Here’s another excellent plant-based line of creamers. They may be familiar to you if you’ve tried the Whole30 low-carb diet plan, since they’re Whole30 approved. They’re perfect for keto dieters, too.
This liquid creamer mixes well with coffee, and contains nothing but coconut cream, almonds and a few natural additives. Checking the numbers, they’re exactly the same as those for Califia Farms creamers: 10 calories, no carbs, one gram of fat. Cinnamon swirl and toasted marshmallow are among the interesting NutPods flavor choices.
So Delicious offers stripped-down creamer choices which aren’t big on crazy flavor options, but are very good for keto dieters.
This creamer contains only coconut milk (made from coconut cream and water) and a few natural additives; that means it only contains 15 calories, one gram of fat per tablespoon – and zero carbs. It’s organic, vegan, and worth trying. It comes in caramel and French vanilla flavors as well.
Here’s a keto-friendly creamer which can provide a good chance of pace from almond, coconut and oat flavors. This cashew milk is exactly what it says; its only ingredients are cashews and water.
That means it’s very healthy, too, with just eight calories and less than a gram of carbs and fat per tablespoon. The unsweetened, nutty flavor isn’t for everyone – but it’s definitely a great keto option.
There are several good creamer choices which have interesting and unusual ingredients. This one is worth noting, even though it’s rather high in carbs (about five per tablespoon) and calories (about 40), because it contains added collagen and amino acids which may help with bone strength, skin and hair health, and even joint pain.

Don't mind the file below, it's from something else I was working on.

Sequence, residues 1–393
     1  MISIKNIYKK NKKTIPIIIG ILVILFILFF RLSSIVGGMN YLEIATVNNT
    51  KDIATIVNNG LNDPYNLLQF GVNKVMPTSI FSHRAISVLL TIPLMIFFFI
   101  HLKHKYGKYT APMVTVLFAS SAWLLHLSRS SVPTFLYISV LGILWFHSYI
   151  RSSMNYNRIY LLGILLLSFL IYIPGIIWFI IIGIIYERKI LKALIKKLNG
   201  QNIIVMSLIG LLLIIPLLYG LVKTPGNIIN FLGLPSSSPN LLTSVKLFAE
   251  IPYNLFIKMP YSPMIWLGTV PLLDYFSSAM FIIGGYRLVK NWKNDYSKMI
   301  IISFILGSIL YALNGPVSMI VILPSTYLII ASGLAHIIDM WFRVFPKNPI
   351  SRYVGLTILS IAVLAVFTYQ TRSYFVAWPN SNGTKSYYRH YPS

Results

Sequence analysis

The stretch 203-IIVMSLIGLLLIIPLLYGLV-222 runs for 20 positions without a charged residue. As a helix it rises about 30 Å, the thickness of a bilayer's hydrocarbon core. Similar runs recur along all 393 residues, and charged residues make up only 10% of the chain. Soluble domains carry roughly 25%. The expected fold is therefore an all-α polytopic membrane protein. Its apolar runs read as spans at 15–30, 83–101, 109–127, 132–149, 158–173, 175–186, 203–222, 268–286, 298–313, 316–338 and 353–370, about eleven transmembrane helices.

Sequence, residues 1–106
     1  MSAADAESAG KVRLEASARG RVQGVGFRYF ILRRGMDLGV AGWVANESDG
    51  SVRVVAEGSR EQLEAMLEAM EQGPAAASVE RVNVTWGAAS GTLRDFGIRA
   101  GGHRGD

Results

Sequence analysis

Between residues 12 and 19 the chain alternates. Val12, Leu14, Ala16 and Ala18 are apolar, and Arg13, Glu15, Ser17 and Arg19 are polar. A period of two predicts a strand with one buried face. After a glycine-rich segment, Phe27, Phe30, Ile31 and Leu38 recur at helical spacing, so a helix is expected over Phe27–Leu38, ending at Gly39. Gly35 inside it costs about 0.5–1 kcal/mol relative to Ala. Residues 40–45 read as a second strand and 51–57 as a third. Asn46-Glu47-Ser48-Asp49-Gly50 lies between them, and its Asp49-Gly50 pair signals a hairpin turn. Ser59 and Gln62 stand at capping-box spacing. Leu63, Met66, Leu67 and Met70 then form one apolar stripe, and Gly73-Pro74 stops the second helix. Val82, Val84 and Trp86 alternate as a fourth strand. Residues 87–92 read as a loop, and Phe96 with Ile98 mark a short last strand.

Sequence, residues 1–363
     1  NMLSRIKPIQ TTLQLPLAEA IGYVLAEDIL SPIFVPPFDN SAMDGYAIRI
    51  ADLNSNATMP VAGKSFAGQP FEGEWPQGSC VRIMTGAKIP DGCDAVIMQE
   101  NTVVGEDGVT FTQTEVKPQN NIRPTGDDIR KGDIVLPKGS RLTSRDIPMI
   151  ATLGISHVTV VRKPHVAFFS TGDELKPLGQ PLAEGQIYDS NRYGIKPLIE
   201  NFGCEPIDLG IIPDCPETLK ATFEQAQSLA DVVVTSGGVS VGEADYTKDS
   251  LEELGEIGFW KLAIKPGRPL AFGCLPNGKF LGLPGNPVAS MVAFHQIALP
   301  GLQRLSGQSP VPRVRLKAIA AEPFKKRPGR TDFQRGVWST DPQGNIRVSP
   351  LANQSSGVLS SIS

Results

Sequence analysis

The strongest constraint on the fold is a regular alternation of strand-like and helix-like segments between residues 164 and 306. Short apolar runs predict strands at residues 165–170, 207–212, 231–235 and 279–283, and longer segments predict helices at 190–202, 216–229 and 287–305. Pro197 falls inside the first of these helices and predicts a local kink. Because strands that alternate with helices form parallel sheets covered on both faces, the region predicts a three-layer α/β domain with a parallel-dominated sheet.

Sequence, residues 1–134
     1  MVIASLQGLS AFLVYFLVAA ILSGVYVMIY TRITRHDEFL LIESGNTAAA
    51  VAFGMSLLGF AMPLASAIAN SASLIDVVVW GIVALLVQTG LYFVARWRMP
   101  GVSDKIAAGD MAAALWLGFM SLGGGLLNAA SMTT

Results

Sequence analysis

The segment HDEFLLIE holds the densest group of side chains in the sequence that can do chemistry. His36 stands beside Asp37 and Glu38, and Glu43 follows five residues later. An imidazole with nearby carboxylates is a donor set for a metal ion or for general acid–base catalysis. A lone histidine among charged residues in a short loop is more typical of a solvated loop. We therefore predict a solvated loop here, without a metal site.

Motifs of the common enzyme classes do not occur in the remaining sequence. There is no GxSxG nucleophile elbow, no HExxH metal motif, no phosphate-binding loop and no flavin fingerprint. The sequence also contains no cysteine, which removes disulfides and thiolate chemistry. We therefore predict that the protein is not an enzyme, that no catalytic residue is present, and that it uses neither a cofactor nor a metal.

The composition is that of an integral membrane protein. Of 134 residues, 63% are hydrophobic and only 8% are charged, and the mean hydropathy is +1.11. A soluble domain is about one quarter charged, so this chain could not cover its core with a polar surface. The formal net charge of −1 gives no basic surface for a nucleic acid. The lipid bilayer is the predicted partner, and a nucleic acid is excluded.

There are no added sweeteners or sugars, and it’s non-GMO.
You’re right, “Coffee-Mate” isn’t the first name that would come to mind when shopping for keto-friendly coffee creamers. But that’s exactly the point. When you’re shopping for a keto creamer, you could be at a local grocery store where you may not be able to find SuperCreamer, Califia Farms or NutPods products.
That’s why Coffee-Mate makes this list. The company makes a separate line of Natural Bliss creamers, which are much healthier and come much closer to the qualities you’d look for in a keto-friendly product.
Vanilla Natural Bliss creamer, for example, is made from non-fat milk, heavy cream, cane sugar and natural flavors. Those are the types of ingredients you might expect to find in a commercial coffee creamer.
However, it contains just 35 calories and 1.5 grams of fat per tablespoon. Its five grams of carbs aren’t anything to brag about, but this product is far better for you than their Coffee-Mate branded vanilla creamer which contains (among other things) vegetable oil, artificial flavors and the troublesome additive carrageenan.
Make no mistake, though – you’re much better off with any of the keto-friendly coffee creamers that are higher on this list.
Published: May 5, 2021
Last Updated: March 10, 2022